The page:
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Doin' It Bloggystyle: Subprime, Jobs and "Strategery"


Minyanville brings together the best of what they are saying "out there" about the topics we're talking about right here.

Blogs themselves need no introduction, as they get as much publicity as pretty much anything these days, save maybe the latest Britney news. There's an expanding world of excellent financial blogs, covering just about everything, from global economics to swing trading. Minyanville's goal is to bring together the best of what they are saying "out there" about the topics we're talking about right here.

Some links as I ponder why I can't seem to shed any pounds on this Wii Sports Weight Loss program.

It's better to give than to receive, especially if you are in the subprime biz...

  • Mish writes on the Paulson plan: "While there is nothing new or shocking in the statement about who the plan was designed to help (we all knew who the plan was designed to help before), this is even a bigger sucker trap than I first thought. This plan was purposefully and carefully constructed to help virtually no one but lenders. The very last thing the lenders want is to foreclose on homes that are hugely underwater."
  • This is not the most popular plan ever, as these headers compiled by The Mess That Greenspan Made suggest.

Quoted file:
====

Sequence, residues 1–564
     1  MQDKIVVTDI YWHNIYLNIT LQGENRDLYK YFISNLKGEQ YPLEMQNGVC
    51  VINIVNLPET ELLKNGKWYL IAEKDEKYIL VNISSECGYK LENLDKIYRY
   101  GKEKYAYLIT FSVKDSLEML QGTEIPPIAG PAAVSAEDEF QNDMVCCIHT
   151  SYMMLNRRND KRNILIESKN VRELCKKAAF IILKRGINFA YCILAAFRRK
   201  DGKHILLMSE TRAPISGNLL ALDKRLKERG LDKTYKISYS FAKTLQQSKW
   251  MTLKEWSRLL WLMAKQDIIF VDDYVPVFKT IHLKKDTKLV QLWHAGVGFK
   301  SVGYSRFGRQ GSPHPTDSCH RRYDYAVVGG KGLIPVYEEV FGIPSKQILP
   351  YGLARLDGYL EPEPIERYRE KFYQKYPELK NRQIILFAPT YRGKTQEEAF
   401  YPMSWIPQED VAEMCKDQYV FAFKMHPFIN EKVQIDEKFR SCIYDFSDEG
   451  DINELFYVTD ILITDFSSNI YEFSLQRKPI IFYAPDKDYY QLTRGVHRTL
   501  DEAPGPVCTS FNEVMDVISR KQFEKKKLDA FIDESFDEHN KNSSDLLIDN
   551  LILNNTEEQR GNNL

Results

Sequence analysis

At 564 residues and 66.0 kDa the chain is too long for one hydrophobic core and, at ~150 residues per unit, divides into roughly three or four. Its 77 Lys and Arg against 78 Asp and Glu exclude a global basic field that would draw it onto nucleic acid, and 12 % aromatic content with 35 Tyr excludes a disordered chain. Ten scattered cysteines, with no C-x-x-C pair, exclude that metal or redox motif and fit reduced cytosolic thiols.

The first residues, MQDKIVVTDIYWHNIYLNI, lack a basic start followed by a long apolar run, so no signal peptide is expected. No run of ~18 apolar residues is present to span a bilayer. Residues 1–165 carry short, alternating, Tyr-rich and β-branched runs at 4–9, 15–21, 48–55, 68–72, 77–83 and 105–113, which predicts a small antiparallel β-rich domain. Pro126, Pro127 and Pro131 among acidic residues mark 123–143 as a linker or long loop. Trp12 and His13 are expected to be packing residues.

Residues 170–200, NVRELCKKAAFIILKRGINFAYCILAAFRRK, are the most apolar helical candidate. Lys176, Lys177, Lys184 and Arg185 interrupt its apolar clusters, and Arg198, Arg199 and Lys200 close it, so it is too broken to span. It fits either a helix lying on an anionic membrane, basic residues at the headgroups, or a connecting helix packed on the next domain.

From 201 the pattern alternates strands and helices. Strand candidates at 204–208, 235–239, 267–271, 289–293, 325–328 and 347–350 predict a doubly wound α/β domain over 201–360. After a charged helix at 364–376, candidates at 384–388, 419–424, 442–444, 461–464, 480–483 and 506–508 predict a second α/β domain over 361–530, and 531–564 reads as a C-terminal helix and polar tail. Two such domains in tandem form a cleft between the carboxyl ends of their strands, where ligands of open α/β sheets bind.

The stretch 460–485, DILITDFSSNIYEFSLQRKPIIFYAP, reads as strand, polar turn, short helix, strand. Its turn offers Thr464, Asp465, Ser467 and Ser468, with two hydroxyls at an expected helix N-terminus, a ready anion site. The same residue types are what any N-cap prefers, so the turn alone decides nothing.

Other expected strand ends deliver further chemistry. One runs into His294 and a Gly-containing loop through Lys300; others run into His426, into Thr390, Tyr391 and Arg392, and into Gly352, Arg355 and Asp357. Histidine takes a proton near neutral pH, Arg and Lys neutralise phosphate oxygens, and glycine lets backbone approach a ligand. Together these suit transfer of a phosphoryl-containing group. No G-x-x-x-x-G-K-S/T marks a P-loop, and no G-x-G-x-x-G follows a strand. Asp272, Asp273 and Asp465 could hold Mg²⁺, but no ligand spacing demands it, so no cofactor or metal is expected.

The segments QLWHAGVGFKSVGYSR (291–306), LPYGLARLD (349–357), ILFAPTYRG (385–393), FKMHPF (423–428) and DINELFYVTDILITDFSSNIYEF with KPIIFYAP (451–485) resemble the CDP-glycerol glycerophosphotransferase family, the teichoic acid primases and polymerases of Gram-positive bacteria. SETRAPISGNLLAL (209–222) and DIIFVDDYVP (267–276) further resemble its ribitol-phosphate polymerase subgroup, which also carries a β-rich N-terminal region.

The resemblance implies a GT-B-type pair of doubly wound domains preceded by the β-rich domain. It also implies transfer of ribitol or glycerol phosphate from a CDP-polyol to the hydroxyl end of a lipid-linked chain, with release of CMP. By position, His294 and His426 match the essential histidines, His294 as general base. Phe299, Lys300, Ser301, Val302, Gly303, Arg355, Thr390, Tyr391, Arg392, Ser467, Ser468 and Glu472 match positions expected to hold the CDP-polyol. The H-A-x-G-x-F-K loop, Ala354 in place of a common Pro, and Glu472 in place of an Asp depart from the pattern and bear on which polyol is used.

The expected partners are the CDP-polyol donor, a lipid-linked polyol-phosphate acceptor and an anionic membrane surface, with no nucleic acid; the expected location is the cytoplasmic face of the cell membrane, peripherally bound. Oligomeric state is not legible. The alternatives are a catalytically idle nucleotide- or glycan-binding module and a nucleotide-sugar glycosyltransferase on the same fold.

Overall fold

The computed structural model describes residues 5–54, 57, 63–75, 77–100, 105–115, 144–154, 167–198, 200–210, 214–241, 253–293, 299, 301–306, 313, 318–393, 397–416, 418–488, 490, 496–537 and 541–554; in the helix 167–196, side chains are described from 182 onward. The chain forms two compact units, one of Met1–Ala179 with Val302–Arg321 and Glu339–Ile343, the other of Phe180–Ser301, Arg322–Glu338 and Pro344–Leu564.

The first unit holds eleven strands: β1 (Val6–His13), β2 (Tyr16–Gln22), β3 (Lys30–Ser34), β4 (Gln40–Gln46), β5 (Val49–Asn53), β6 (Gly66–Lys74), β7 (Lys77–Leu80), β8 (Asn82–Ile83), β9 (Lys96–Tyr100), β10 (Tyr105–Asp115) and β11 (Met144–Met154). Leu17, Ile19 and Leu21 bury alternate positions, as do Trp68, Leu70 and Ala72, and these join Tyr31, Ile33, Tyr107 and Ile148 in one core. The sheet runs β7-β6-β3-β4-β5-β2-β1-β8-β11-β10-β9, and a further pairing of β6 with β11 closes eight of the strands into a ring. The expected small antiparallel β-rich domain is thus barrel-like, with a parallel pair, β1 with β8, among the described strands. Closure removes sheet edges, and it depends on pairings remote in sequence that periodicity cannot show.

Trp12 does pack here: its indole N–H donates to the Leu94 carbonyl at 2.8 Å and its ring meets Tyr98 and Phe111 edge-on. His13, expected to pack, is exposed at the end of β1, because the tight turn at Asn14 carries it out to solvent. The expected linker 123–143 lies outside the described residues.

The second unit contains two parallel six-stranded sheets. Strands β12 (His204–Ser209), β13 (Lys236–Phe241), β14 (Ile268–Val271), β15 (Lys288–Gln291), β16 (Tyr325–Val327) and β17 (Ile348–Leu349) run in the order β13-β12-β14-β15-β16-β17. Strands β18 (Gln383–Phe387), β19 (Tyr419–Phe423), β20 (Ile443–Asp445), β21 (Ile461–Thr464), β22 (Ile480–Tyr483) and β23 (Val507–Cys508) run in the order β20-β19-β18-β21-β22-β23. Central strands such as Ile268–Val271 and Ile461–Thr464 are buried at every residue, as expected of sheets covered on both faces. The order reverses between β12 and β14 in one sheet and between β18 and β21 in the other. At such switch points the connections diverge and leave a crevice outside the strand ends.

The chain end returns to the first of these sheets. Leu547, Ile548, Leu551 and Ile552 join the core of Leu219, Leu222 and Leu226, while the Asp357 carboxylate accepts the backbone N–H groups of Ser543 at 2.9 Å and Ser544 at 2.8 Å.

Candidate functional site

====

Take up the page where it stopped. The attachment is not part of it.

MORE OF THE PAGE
• Abnormal Returns finds some more opinions around the econoblogoworld via
  • Big Picture
  • Free Exchange
  • Marginal Revolution.
  • Accrued Interest
  • and Market Movers.
  • Calculated Risk also chimes in with a word or 10,000 on the topic.

On the Job
  • Interesting debate on the BLS Birth-Death model.
  • In this corner, we have Barry Ritholtz dissing it: " fixing one problem, they created another: At the other end of the cycle -- where we are today -- the B/D adjustment potentially will hypothesize lots of phantom job creation. That explains the stability in construction and finance jobs in the monthly data. "
  • And in this corner, Dash of Insight. "When the BLS discovered that this old method was not capturing all of the new jobs, they created more sophisticated modeling techniques. The birth/death adjustment has dramatically improved the performance of the job count, as demonstrated by actual state data."

  • Afraid To Trade writes on playing this year's market gaps.
  • Dr. Brett has a look at whether being too attentive to every tick can give you a little market myopia.
  • bzb trader notes some divergence in the QQQQ's.
  • Stockbee has some better ways to break the market down into sectors.

Navel Time
  • Here is a really in depth and interesting post on financial bloggers versus journalists from someone who is really a bit of both, Felix Salmon.
  • And speaking of navel gazing, how about my own navel? This in a rundown of blog favorites from my now favorite newspaper, the Santa Cruz Sentinel: "Minyanville is a new site that, despite its whimsical look, covers market and economic events in a businesslike manner. I'm mentioning Minyanville because one of its features, called "Doin' It Bloggystyle" lists a dozen or so blogs that, in its view, are doing the best at covering that particular day's events. You'll find that feature in the News & Views section."
  • It has nice mentions also of Zach, Kirk and Dr. Brett.
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No positions in stocks mentioned.
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